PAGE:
Jackie Moon (Ferrell) is the owner, coach, and star player of the Flint Michigan Tropics, a Semi-Pro team in the American Basketball Association (ABA). In 1976, with the ABA teetering on the brink of oblivion, the NBA agrees to absorb the ABA's top four teams prior to the associations' demise, which is scheduled for the end of the season. Jackie wants desperately to play in the NBA, but the Tropics are the worst team in the league. Jackie trades a washing machine to another ABA team for a player named Monix (Harrelson), who was a one-time NBA benchwarmer, in hopes of catapulting his rag-tag team of has-beens to fourth place in the ABA. (Stacey Pendry)
The only special features on Disc One of this two-disc set are previews and an option to view either the unrated or theatrical version of the film. Disc Two includes five deleted scenes; three improvisational scenes; the following featurettes: A Short Story Of The ABA (seven minutes), Re-Creating The ABA (13 minutes), Love Me Sexy—The Story Behind A One Hit Wonder (five minutes), Bill Walton Visits The Set (three minutes), Four Days In Flint (six minutes), and The Man Behind Semi-Pro (24 minutes); a music video Love Me Sexy (two minutes); two spoof interviews by Dick Pepperfield: Ball Girls (one minute) and Pancakes And Camels (one minutes); additional trailers and a Jackie Moon's Super Agility Trainer game.
The anamorphically enhanced 2.32:1 DVD shows solid black levels with good shadow delineation, which creates a believable sense of depth and dimensionality to the picture. Resolution is delivered fairly well, although it does have a somewhat soft appearance, especially on medium and longer shots. Fleshtones have a reddish hue, although it isn't overly distracting. Contrast is balanced nicely, but whites bloom on occasion. There are also times, especially under the bright lights on court, when the picture looks flat. Edge enhancement isn't a problem, but pixel breakup can be noticed from time to time. The H.264 AVC-encoded Blu-ray Disc shows very good resolution, but the finest details appear soft. Some noise can be recognized in flat fields of color, and fleshtones appear somewhat washed out, but black levels are deep and shadow detail is nicely defined. Colors aren't as well saturated as in the better releases, but the color scheme matches the timeframe nicely. (Danny Richelieu)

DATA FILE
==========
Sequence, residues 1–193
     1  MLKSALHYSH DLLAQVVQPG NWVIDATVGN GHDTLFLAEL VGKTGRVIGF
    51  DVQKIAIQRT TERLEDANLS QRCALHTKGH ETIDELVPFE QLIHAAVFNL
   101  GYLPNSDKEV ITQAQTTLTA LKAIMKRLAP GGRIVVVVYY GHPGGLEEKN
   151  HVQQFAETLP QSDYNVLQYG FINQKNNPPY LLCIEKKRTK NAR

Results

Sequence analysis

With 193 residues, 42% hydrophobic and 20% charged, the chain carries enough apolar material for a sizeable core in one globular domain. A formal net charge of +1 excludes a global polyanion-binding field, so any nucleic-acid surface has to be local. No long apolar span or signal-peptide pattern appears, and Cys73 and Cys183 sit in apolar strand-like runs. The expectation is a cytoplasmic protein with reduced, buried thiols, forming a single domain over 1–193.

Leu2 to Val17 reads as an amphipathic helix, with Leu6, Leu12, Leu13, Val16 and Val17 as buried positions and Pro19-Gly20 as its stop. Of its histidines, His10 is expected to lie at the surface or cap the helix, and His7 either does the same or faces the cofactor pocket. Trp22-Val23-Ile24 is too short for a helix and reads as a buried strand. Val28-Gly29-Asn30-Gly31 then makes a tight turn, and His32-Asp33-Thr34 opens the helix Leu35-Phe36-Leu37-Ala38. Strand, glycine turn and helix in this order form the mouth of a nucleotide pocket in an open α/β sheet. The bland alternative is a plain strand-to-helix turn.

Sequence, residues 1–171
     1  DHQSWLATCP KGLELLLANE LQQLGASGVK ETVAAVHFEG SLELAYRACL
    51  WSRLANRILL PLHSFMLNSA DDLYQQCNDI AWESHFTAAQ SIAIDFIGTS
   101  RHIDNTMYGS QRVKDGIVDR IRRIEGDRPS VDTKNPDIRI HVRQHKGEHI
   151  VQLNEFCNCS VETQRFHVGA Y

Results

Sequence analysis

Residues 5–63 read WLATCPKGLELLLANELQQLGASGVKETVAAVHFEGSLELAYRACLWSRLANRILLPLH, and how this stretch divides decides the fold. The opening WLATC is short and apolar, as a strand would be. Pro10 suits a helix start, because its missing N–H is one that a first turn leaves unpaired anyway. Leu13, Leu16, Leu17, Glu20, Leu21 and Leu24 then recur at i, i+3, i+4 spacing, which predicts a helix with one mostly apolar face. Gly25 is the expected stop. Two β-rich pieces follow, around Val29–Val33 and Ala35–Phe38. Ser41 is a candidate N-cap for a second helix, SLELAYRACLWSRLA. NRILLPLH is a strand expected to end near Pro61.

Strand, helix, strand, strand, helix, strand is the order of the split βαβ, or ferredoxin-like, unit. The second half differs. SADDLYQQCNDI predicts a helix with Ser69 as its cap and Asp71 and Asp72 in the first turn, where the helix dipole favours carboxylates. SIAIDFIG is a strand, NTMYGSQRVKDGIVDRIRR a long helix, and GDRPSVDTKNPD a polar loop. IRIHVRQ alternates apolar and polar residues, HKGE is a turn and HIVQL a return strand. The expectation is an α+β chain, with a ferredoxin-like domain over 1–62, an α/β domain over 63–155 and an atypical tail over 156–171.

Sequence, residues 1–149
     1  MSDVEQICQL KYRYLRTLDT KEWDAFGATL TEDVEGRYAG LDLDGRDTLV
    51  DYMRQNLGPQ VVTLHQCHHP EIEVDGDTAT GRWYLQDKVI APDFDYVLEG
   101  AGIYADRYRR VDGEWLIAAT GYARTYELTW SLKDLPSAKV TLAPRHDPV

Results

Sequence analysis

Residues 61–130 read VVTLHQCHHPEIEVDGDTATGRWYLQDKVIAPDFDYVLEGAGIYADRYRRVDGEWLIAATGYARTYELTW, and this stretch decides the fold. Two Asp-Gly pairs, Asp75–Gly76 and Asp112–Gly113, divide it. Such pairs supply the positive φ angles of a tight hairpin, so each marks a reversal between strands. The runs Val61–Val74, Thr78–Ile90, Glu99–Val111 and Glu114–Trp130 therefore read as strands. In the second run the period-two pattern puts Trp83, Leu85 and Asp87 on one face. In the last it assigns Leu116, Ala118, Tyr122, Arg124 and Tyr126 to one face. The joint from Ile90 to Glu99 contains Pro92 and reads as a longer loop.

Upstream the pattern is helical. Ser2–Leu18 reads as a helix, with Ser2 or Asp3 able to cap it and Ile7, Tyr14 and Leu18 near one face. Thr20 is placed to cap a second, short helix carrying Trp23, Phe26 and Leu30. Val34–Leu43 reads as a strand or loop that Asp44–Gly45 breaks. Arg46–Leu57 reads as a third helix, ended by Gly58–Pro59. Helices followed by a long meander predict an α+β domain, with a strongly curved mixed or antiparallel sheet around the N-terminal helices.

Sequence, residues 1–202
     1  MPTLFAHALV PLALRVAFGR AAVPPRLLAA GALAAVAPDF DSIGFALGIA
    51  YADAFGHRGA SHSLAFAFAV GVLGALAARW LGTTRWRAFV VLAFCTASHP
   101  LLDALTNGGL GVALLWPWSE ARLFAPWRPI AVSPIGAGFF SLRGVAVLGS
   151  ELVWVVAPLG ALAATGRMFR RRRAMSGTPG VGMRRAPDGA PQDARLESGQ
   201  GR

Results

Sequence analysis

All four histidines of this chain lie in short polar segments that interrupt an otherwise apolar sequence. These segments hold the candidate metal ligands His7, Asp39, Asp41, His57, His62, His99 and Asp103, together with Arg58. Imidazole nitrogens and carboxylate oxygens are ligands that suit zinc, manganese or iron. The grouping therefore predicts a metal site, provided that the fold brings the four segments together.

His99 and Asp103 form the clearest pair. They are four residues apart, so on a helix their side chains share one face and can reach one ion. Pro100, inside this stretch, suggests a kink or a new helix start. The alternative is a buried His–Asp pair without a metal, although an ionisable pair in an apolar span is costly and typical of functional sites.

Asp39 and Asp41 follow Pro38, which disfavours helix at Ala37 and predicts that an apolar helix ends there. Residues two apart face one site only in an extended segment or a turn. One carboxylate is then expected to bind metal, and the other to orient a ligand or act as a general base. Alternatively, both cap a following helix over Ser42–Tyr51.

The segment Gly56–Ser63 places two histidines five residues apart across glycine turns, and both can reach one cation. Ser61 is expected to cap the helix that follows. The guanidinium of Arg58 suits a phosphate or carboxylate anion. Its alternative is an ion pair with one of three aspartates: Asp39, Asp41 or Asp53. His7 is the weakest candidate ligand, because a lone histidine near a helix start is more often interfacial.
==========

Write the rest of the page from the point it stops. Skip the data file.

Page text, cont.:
The Dolby® Digital Surround EX™ 5.1-channel soundtrack is focused heavily on the front three screen channels, with a very basic use of the surround channels. Subtle atmospheric effects can be delivered well in the surrounds, but the front channels, which are generally mixed at higher relative levels, often dominate them. The front stage is mixed very well, though, keeping the listening space engaged. Dynamic range and fidelity are both impressive. Dialogue generally sounds natural, but there are times when it is too obviously ADR produced. Minor clipping distortion can be heard at times as well. The added matrix-derived center surround channel provides better surround integration, with good imaging across the back stage. The Blu-ray Disc's lossless DTS-HD Master Audio™ 7.1-channel soundtrack features fantastic fidelity with broad dynamic range, but the mix is still inconsistent. The front stage features very solid phantom imaging, but it is rare everywhere else. ADR can also be too obvious in this version. (Danny Richelieu)